URUMQI, China (Reuters) - Nerves remained raw in China’s far western city of Urumqi, in turmoil over a wave of reported syringe attacks, and a small band of protesters again called on the region’s top official to step down.
Calm descended on most of Urumqi after two high officials were fired and doctors reassured fearful city residents, but another alleged needle stabbing on Sunday sparked the angry outburst by dozens of Han Chinese. Police dispersed them by firing tear gas, according to witnesses.
On Thursday and Friday tens of thousands called for the resignation of Xinjiang region Communist Party Secretary Wang Lequan, saying he had failed to ensure their security after hundreds of reported syringe attacks blamed by authorities on separatists. Some tried to storm Uighur areas.
Han Chinese said they were relieved by military doctors’ assurances that the needle attacks would not spread AIDS, but not fully satisfied by the sacking of city party secretary Li Zhi and regional chief of police Liu Yaohua.
“Firing the two leaders should make things better. But it’s too early to say if the needle attacks are over,” said a fruit seller surnamed Ge.
The Xinhua news agency did not give a reason for Li and Liu’s departure. Both had been in office on July 5, when 197 people, mostly Han Chinese, the country’s majority ethnic group, were killed in rioting by Uighurs, a Turkic-speaking Muslim group native to the region.
Han Chinese took to the streets this week in fear and anger, saying the government had failed to prosecute the rioters and to protect citizens, as rumors of syringe attacks swirled around a city that has been cut off from the Internet and has had limited phone access for two months.
“We thought you could get AIDS or something, and kids and women were stabbed so it was really terrifying,” said a Han Chinese man surnamed Shou, who sat on a stoop with friends studying the doctors’ statements in the newspaper.
“Now, we know that even if you are stabbed, it’s not a big deal, so that’s a relief.”
Hundreds of troops patrolled streets near the city center, called in to clear a small protest after word spread of an attack inside a wholesale market on Sunday.
“I heard that somebody was pricked with a needle inside. They were Uighurs,” said a Han man.
Uighur residents returned to shops, saying that the July riots and this week’s demonstrations had destroyed business and scared off visitors to the city.
“I believe that there were some needle attacks by terrorists. But it has really hurt the rest of us, who are completely innocent,” said Sajida, a Uighur merchant.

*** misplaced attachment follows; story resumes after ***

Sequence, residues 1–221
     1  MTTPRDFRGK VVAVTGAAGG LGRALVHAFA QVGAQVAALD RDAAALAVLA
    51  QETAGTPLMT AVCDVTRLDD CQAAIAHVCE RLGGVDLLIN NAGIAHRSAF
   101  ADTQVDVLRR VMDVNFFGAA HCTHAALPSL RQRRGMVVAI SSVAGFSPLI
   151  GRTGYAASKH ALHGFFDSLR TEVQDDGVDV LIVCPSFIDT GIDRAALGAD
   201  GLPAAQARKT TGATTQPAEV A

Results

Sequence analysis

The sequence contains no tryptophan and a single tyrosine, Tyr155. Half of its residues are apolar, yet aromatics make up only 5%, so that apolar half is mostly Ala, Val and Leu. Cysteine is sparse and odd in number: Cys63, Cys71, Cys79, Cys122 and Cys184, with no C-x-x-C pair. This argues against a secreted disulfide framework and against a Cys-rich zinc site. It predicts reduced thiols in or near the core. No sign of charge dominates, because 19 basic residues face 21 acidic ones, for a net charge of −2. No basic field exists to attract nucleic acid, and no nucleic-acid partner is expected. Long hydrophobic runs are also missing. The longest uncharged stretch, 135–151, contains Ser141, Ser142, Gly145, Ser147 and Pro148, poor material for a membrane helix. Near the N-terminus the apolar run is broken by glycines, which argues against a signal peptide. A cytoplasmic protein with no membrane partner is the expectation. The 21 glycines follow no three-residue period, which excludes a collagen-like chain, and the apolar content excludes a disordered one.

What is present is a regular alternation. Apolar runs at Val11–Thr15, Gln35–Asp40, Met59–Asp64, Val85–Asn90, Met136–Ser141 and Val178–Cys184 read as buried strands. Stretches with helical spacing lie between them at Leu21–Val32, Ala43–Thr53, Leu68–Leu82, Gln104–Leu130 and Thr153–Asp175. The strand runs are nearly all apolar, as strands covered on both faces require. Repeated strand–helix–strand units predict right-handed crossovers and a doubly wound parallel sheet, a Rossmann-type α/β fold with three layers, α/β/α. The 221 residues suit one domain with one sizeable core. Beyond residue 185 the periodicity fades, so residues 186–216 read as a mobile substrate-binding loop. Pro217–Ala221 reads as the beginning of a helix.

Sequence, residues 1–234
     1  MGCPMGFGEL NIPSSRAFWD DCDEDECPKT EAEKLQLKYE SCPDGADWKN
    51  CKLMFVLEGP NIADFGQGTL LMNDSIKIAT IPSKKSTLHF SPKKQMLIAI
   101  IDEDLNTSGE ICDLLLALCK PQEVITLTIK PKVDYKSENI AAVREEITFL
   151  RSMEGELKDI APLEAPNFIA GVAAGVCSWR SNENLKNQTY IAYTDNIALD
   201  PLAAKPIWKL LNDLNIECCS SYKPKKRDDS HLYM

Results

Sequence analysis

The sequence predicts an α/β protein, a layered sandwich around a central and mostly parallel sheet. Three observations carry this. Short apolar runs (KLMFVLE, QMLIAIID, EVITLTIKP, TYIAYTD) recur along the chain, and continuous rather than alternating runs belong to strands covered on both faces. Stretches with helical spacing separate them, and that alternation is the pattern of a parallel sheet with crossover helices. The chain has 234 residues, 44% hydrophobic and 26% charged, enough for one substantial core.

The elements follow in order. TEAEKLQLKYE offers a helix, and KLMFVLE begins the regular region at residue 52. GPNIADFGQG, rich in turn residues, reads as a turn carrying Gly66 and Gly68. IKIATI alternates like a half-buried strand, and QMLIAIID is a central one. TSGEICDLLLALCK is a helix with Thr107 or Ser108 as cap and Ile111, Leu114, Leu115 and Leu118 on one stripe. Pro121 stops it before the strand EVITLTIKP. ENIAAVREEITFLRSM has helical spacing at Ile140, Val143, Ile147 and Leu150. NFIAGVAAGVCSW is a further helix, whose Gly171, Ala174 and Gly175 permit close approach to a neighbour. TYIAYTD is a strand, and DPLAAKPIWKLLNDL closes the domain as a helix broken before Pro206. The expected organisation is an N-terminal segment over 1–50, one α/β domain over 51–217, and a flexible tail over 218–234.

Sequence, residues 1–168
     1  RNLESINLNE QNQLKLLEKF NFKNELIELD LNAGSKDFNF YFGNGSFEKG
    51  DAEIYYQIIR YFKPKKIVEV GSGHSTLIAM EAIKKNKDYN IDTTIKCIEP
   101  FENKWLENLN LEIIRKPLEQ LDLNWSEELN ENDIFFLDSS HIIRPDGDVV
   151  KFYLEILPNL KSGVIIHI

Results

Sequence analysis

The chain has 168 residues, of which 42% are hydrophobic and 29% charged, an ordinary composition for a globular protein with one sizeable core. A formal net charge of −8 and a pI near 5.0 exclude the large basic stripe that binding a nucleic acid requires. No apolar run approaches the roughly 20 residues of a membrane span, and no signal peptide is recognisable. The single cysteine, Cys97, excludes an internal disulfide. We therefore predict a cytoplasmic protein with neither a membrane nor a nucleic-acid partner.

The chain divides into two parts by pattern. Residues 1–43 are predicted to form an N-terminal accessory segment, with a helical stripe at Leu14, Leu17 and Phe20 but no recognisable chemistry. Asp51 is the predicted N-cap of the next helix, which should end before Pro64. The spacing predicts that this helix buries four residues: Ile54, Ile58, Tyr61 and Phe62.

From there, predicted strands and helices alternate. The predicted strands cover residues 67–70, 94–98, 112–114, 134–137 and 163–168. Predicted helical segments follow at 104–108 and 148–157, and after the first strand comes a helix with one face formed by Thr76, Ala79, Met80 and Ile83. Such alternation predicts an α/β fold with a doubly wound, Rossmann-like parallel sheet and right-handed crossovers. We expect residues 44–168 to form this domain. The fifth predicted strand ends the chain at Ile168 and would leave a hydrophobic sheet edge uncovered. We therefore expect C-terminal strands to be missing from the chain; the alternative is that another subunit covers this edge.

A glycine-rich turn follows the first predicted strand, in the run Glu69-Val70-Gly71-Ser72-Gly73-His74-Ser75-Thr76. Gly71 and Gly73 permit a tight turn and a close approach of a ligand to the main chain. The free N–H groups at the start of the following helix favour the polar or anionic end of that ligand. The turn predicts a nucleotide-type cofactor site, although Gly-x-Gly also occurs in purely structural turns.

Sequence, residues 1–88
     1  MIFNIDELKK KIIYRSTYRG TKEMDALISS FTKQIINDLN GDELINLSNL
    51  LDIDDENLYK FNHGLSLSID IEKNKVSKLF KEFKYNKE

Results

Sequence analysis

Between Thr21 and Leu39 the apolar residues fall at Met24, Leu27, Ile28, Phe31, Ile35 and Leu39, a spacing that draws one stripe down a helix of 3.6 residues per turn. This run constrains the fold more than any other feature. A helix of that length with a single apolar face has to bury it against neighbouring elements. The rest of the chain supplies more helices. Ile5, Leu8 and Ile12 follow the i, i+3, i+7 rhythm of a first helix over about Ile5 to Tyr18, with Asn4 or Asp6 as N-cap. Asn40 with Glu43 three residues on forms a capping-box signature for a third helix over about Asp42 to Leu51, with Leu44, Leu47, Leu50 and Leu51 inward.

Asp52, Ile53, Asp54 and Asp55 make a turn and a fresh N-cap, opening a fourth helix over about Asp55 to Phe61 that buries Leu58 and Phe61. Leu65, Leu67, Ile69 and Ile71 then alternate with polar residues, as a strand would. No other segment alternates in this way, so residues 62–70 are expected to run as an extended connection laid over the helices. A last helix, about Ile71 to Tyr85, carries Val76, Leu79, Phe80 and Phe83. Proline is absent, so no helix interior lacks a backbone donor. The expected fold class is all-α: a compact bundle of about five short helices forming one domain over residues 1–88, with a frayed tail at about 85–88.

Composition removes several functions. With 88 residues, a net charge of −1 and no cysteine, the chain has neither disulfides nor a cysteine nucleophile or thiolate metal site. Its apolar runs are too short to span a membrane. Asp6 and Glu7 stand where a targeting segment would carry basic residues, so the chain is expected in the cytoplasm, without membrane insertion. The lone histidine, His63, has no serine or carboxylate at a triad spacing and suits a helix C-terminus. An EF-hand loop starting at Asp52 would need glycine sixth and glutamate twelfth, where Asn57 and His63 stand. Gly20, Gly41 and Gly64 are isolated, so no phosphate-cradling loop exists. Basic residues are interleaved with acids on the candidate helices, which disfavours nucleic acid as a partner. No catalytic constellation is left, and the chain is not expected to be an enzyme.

“Han are the majority here and there aren’t very many of us to begin with, and when you walk down the street the Han look at us with such hatred and suspicion. They might beat us up. For the past few days I didn’t dare leave my home.”
None of the cases or the charges announced so far seemed to support government assertions that the syringe attacks were coordinated by separatists trying to foment unrest.
Four Uighurs had been indicted for “endangering public security” in connection with the attacks, and four others were to be formally arrested, the city’s procurator said.
Police have detained 25 Uighurs over the attacks.
Of those indicted, two were heroin addicts who used a syringe to rob a taxi driver, and a third addict used a syringe to fight off police trying to arrest him, procurator Udgar Abdulrahman said on Saturday. The fourth stuck a fruit seller with a needle.
“I think the version the government put out was unconvincing, and I think this contributed to the mismanagement of the crisis,” said Nicholas Bequelin, China researcher for advocacy group Human Rights Watch, who closely follows developments in Xinjiang.
“I think so far the authorities have failed to substantiate their initial alarmist communiques that gave credence to these rumors.”
Government reports said 531 people had lodged reports of needle attacks as of September 4, but only 171 showed any physical signs of an injury. Doctors said 22 were being monitored for signs of infection, but dismissed as unlikely the possibility that any would have contracted AIDS or other diseases.
The official Xinhua news agency said late on Saturday that “some of those who said they had been stabbed actually suffered from mosquitoes’ stings or other psychogenic reasons.”
But the agency said anyone who stabbed others with syringes containing harmful substances or contaminated by drug use could receive sentences of between three years and death.
Despite the demonstrations and sackings, regional Communist Party Secretary Wang Lequan was unlikely to be dismissed soon, given his power and his past record as an effective enforcer of central government policy in Xinjiang, Bequelin said.
Additional reporting by Royston Chan in Urumqi and Chris Buckley and Simon Rabinovitch in Beijing; editing by Andrew Roche